Do you remember the great inflation scare of 2010-2011? It’s an episode worth revisiting, because there’s a good chance that we’ll see a replay over the next year or so.
After the 2008 financial crisis plunged America into a deep recession, both the new Obama administration and the Federal Reserve tried to stimulate the economy, spending hundreds of billions on a variety of programs while buying trillions in bonds. There is now consensus among economists that these efforts were helpful, but it’s also widely believed that they were inadequate (as some of us strenuously argued at the time).
On the right, however, it’s an article of faith that activist government is always bad, even in a crisis. So there were many dire warnings that these efforts to rescue the economy would cause runaway inflation. By mid-2010 there was a palpable sense of frustration among some conservatives that the predicted inflation had failed to materialize.
Then came a few months when inflation seemed to be rising after all. Consumer price inflation reached almost 4%; wholesale inflation went into double digits; the average price of commodities like oil and soybeans rose almost 40% in a year. Soon Republicans were haranguing Ben Bernanke, the Fed chairman, suggesting that his efforts might “debase the currency.”
But the Fed stayed its course, arguing correctly that rising prices were a temporary blip, not a harbinger of ’70s-style stagflation. Inflation soon subsided, and it has stayed low ever since.
Now here we go again. The $1.9 trillion American Rescue Plan will, without question, deliver a lot of economic stimulus. Just about everyone, from private forecasters to the Fed itself, expects an economic boom, with the U.S. economy growing at rates not seen since the 1980s. There will almost surely be a rise in inflation, too, possibly well above the Fed’s target rate of 2% a year.
And rising inflation will, in turn, lead once again to talk about a return to stagflation. Indeed, that talk has already started.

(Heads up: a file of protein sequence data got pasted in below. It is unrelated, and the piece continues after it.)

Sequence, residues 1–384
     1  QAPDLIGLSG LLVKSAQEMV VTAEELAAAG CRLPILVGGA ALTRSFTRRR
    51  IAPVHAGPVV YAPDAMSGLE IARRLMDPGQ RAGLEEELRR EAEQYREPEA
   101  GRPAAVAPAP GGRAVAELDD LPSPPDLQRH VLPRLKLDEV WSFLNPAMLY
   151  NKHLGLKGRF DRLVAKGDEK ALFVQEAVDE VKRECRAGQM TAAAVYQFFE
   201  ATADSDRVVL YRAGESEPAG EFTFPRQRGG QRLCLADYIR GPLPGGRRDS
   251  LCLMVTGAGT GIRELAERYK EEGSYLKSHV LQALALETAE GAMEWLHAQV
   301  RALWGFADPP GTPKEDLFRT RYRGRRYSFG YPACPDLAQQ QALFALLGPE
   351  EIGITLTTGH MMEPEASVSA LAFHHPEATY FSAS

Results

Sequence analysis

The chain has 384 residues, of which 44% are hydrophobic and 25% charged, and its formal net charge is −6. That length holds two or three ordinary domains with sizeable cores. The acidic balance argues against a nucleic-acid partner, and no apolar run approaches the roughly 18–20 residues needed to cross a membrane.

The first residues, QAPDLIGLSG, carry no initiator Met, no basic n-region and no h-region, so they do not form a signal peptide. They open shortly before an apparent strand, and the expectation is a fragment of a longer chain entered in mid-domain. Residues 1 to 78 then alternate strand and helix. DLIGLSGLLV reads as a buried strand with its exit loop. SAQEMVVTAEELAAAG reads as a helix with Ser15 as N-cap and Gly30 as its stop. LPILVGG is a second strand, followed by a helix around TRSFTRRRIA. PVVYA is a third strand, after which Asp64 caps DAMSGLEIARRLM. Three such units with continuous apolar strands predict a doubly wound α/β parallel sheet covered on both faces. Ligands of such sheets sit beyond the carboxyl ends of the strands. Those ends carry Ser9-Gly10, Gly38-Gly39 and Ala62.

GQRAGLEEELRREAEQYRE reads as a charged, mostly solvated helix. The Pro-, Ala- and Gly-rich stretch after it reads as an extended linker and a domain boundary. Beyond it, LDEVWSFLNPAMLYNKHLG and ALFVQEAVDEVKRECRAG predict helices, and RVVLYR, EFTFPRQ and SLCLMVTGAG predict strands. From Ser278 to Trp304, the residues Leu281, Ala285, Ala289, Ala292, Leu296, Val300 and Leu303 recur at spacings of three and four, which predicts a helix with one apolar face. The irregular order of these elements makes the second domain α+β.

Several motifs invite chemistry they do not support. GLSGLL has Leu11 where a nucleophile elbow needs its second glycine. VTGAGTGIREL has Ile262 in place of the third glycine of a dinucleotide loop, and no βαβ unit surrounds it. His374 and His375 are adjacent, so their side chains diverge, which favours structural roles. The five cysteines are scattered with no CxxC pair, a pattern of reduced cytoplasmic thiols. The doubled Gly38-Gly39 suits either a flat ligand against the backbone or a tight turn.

So here’s how to keep your cool when the inflation headlines get heated.
The key thing to understand is that there are really two kinds of inflation.
The prices of some goods, like oil and soybeans, fluctuate all the time, changing day by day or even minute by minute in response to changes in supply and demand. Inflation in these goods is easy come, easy go; prices may soar quickly when demand is high or supply is tight, but they can plunge just as quickly when market conditions change.
Many other prices, however — including the prices of labor, that is, wages and salaries — change much less frequently. Most workers’ wage rates are adjusted just once a year.
And stagflation, it turns out, mainly involves these “sticky” prices.
Imagine an economy in which everyone expects inflation to be high for the foreseeable future (Americans of a certain age don’t have to imagine this; for a while, we lived in that economy). In such an economy, a company setting its prices for the next year will do so taking into account the likelihood that everyone else’s prices — the prices charged by competitors, the costs of raw materials, the wages offered by rival employers — will be going up over time.
Reflecting this expectation, companies will mark prices up relative to what they would have been if they didn’t expect future inflation — and by so doing, will feed the very inflation they fear. In other words, once expectations of sustained inflation are embedded in the economy, inflation becomes self-perpetuating — and bringing it down can be extremely difficult. That’s what makes stagflation — inflation despite high unemployment — possible.
The point, however, is that short-term fluctuations in volatile prices tell us little about whether stagflation is becoming a risk. That’s why Fed policy generally ignores the headline inflation rate and instead focuses on a measure that excludes food and energy prices.
So what’s going to happen in the months ahead? We’ll probably see a number of transitory price increases, not just because the economy is booming, but also because the lingering effects of the pandemic have produced some unusual disruptions — for example, a global shortage of shipping containers.
The question will be whether these price increases are a 2010-2011-type blip or something more dangerous. Smart observers will look past the headlines to measures of underlying inflation — not just the Fed’s standard “core” measure but things like the Atlanta Fed’s sticky price index as well. Anecdotal evidence, otherwise known as “talking to people,” will also be important: Are businesses actually starting to set prices and wages based on the expectation of high future inflation?
If they aren’t — and my bet is that they won’t be — then the lesson of 2010-2011 will remain: Don’t panic.
Now as then there are people eager to denounce government attempts to help the economy. And it’s certainly possible that the American Rescue Plan will turn out, in retrospect, to have been too much of a good thing. But don’t let the usual suspects seize on a few months’ inflation data as evidence of looming disaster.